Some articles blame the lack of Soviet officer initiative on the near-continuous presence of senior riders aboard submarines. A submarine unit’s deputy commander, Captain 1st Rank Shvechkov, told the Soviet military newspaper Krasnaya Zvezda that regulations require a senior commander to be aboard “whenever a submarine puts to sea for combat training.” For example, a Baltic Fleet submarine that lost its commanding officer overboard while leaving port was reported to be carrying the submarine unit commander, the superior formation commander and his staff. Critics claim that senior riders often interfere with the operational control of the ship. The Baltic Fleet’s deputy chief navigator, Captain 1st Rank D. Shtefanov, cited “a blurring of responsibility while senior commanders are present” as the cause, last year, of a disproportionately high number of navigational violations among vessels carrying senior officers. The presence of senior riders apparently causes a dilution of the commanding officer’s authority and an avoidance of responsibility. As one officer explained, “they say there is a senior commander aboard, and he will be held responsible.”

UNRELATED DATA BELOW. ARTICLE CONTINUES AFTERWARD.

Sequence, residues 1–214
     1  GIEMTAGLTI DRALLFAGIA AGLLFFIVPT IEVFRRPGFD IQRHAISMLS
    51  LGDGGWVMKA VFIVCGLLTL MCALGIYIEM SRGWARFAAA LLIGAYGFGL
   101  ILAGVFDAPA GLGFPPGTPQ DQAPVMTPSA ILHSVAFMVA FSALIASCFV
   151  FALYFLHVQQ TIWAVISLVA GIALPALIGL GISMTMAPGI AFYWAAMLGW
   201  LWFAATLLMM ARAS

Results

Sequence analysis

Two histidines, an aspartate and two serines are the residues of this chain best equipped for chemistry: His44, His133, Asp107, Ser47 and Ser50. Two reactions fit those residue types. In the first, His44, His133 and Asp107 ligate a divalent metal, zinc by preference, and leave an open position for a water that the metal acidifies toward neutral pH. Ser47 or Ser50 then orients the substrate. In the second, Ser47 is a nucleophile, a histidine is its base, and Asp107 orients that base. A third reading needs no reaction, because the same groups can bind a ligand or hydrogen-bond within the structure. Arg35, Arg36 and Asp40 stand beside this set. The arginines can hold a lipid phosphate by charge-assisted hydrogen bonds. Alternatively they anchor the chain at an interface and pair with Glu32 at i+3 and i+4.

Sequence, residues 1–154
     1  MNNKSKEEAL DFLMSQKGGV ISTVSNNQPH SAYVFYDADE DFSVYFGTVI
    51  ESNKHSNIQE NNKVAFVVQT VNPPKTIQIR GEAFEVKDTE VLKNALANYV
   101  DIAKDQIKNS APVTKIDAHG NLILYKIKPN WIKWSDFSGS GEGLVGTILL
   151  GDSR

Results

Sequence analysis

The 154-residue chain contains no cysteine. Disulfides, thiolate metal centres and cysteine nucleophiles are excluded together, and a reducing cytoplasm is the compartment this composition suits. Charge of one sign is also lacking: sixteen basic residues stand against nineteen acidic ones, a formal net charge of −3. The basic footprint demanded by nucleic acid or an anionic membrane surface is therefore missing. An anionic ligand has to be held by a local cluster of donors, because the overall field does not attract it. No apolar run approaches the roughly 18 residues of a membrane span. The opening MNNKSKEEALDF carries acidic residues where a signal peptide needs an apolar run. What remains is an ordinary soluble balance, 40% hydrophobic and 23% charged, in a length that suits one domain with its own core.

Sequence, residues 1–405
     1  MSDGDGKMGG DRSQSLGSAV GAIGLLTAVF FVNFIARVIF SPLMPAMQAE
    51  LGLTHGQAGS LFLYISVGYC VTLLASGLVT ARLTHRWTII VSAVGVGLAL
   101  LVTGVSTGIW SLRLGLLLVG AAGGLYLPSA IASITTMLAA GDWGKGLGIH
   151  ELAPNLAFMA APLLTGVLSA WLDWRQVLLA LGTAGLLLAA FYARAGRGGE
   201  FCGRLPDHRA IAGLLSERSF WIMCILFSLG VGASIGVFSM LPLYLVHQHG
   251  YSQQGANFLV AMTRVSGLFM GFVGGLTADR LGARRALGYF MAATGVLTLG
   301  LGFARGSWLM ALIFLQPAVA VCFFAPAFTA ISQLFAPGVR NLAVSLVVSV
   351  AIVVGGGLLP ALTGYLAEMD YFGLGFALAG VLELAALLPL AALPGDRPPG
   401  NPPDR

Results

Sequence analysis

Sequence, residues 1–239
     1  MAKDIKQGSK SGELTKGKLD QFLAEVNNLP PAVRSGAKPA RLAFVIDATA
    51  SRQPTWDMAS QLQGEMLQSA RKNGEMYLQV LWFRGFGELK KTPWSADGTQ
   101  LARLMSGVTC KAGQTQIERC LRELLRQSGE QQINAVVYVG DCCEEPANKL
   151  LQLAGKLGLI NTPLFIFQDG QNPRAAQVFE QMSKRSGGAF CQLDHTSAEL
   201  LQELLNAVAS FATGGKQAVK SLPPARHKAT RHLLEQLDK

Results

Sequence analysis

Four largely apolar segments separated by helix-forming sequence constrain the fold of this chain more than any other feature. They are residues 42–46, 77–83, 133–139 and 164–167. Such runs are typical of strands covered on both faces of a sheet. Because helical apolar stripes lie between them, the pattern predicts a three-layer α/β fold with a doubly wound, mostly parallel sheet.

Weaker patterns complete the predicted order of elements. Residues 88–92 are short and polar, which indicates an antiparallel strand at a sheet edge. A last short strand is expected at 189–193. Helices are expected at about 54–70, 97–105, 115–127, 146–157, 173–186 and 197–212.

The MIKE-class submarine, KOMSOMOLETS, on its first operational cruise, carried a senior rider on its final voyage. The Chief of the Submarine Political Department, Captain 1st Rank T. A Burkulakov, was the senior officer on board.

Another highly-publicized incident provides another data point: The Soviet diesel submarine that grounded off Sweden’s Karlskrona naval base in late 1981, WHISKEY-137, carried an officer senior to the submarine’s captain. That officer told a Swedish naval officer who boarded the submarine that the senior officer was in charge after the grounding. While WHISKEY-137’s captain would only admit that his Kaliningrad-based boat was on a “mission,” and that they had grounded due to a navigational error.